Saturday, July 18, 2015

How Did The Tourist Crowds in Europe Become A Scourge?

Part of the crushing crowd at the Sistine Chapel where guards often shout 'Silence!' and people are jostled and stepped on in their effort to see Michelangelo's wonders.

What's going on in Europe with the dense crowds stepping all over each other? As first reported in the WSJ May 25, ('Europe's Culture Storm')  a "perfect storm" has been coming together as popular European venues get overrun with tourists of all kinds, including Americans taking advantage of the unusual dollar strength.

The World's Fair or Milan Expo expects 20 million visitors alone, from May through October.  Eiffel Tower crowds are up 170 percent from what they were the same time last year. And after a crowded day at the Louvre last month one visitor complained that the lines were unbearable not only for entry but also toilets, food and the paintings themselves. Another described it as a "vision of hell". Seriously? A beautiful tourist destination has now become 'hell'? Well, let us remember it was the French philosopher Jean-Paul Sartre who once pronounced: "Other people are hell".

Meaning that in certain contexts and scenarios  (and  especially with high density numbers) one's fellow humans erode the quality of life and experience, and indeed destroy it even if one is a so-called "people person".

According to the WSJ piece, one American couple visiting the National Gallery in London warned that rooms were so full it was "impossible to see anything" and further the husband was "on the verge of a panic attack". On many days the Palace of Versailles simply cuts off entry to one and all. It seems almost wherever one goes in Europe is flooded with tourists.

Another American reported that while trying to appreciate the works in the Sistine Chapel his foot was being crushed by a Texan oblivious to his surroundings and more immersed in chomping tobacco chaw from which spittle dripped to the floor.

Meanwhile an article in In These Times ('Should Cities Ban Tourists?', August, p. 12) observed that Barcelona's Mayor now insists the popular Spanish destination needs a "tourist cap" and a "moratorium on new hotel licenses".  This since "tourism is now seen by many as a scourge" and as reported by one resident:

"They have urinated on my balcony. They have set fire to laundry and one even defecated in the building's hallway"

Jeebus! Well, even if not "hell" personified seems people are at least "devils". Too many of them anyway - to the point you can't even take a deep breath while taking in art.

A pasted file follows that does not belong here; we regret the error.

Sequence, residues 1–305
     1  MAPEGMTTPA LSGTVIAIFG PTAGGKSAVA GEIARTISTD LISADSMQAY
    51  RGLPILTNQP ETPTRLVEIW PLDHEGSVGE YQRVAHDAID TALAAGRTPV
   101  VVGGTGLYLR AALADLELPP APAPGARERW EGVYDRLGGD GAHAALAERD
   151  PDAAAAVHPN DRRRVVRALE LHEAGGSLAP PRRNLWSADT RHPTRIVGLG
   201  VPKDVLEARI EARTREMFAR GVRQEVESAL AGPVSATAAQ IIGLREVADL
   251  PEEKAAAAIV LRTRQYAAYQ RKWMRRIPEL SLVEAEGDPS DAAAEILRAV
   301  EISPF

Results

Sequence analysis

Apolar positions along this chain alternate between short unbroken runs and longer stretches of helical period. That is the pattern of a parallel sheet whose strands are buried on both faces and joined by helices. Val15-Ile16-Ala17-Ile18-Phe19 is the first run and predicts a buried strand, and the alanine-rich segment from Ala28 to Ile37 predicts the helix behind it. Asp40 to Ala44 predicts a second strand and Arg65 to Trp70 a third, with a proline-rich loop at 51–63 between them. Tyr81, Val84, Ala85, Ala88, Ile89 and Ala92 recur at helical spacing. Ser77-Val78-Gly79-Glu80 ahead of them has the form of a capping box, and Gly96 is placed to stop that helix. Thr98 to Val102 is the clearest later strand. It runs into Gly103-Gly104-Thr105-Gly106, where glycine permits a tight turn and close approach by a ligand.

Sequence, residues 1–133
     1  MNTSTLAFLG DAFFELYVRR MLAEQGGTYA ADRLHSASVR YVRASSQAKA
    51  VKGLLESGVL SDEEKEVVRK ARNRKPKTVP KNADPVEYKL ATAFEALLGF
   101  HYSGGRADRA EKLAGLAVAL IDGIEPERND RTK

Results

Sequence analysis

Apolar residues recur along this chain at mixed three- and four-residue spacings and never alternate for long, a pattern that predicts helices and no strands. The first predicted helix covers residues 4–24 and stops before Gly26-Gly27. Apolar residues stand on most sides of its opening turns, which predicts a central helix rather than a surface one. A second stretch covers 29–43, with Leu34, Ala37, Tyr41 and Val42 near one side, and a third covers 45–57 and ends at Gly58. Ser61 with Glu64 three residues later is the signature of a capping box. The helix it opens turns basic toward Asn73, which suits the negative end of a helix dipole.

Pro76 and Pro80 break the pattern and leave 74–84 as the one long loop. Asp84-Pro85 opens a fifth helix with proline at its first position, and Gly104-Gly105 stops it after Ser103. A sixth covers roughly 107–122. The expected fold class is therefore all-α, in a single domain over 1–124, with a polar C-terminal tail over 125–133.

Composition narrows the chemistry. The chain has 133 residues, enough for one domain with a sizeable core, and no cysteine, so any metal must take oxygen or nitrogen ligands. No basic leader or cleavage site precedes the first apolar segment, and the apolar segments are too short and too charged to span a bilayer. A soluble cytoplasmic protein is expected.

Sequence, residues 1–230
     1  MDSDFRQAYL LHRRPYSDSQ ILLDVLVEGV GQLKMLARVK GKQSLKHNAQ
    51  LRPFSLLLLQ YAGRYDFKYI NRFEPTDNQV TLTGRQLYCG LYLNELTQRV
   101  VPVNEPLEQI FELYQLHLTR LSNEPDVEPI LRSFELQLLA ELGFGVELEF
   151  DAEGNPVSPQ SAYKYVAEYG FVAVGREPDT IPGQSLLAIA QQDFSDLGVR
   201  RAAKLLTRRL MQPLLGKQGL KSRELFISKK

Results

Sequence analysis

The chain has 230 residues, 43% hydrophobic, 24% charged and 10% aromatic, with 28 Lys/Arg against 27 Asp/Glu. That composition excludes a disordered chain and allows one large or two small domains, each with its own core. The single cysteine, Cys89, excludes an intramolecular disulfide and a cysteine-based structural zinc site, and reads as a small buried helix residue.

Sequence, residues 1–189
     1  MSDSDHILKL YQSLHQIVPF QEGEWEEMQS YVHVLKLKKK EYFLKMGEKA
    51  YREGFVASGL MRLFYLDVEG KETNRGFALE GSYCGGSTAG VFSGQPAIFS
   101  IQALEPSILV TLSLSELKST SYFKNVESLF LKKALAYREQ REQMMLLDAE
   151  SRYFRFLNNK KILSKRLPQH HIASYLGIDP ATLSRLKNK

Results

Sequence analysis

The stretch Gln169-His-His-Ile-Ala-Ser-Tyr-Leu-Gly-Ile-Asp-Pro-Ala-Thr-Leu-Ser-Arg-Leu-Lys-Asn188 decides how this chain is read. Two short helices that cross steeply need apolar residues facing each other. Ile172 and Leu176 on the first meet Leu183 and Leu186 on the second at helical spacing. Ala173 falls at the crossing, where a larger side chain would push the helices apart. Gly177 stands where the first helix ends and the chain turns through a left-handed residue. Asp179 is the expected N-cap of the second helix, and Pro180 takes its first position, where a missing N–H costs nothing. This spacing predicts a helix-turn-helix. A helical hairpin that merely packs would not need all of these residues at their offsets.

What gives?

By way of perspective, when we visited Europe in July and August 1978 we experienced no similar issues. We easily got into the National Gallery in London  and Greenwich Observatory, same with Windsor Castle, Earl's Court, Westminster Abbey, St. Paul's Cathedral, the Royal Albert Hall for a summer concert as well as the Tower of London with no delays and not being forced onto conveyor belts as they have to do now to rigidly control the time allowed (30 sec), i.e. to see the jewels (WSJ,ibid.)

What gives is the world is a much more crowded place than it was 37 years ago with nearly twice the number of people and also many more affluent people- namely Chinese - who can now afford to travel at will to wherever they want - from African safaris, to Jungfrau Joch in Switzerland. Thus, I wasn't that surprised while on the train  from Kleine Scheidegg to Wengen  last year seeing two Chinese in Mao suits, obviously Politburo members.

What was an elite pastime back then is now very much a mass enterprise, facilitated by mass plane travel - itself made possible by cramming people onto planes like sardines thanks to deregulation. And then there is the incessant pressure of social media on every manjack to get that exotic Instagram from wherever he can - but preferably from some place in Europe- the more exotic the better.

Another reason the crowds, for example, in London - may have been much smaller back then was the fear of IRA terror. In fact when we were there one such attack occurred that had the city horrified. But still, I believe the population density and rising living standards have more to do with what's going on now because the majority of people travel to European destinations without being deterred by potential terror attacks.

Of course, there is a way to escape the masses and crush and that is to select locations and times where, when they won't appear  - for example we chose to go to the Zugspitze in May of 2013 and found virtually the whole plateau empty of crowds including Chinese, e.g.

Same thing in the town of Garmisch-Partenkirchen (Bavaria) where we stayed for a week. We could see the sights, and move around without feeling like we were crammed into a sardine can. Also transport, restaurant bookings and even shopping at the local marts were all a cinch. No elbow jostling for space or resources.

Switzerland last year, however, was pretty packed - but we were told not as much as it might have been had we come in mid=July. Recall the scenes out near Jungfrau Joch, e.g.

And, of course, there were certain "crowds" one didn't mind,

Perhaps this is why we've more enjoyed European  excursions to the mountain areas rather than the urban. And fortunately, the cultural areas and exhibits we did really want to see were already taken in when the world was much less populated.

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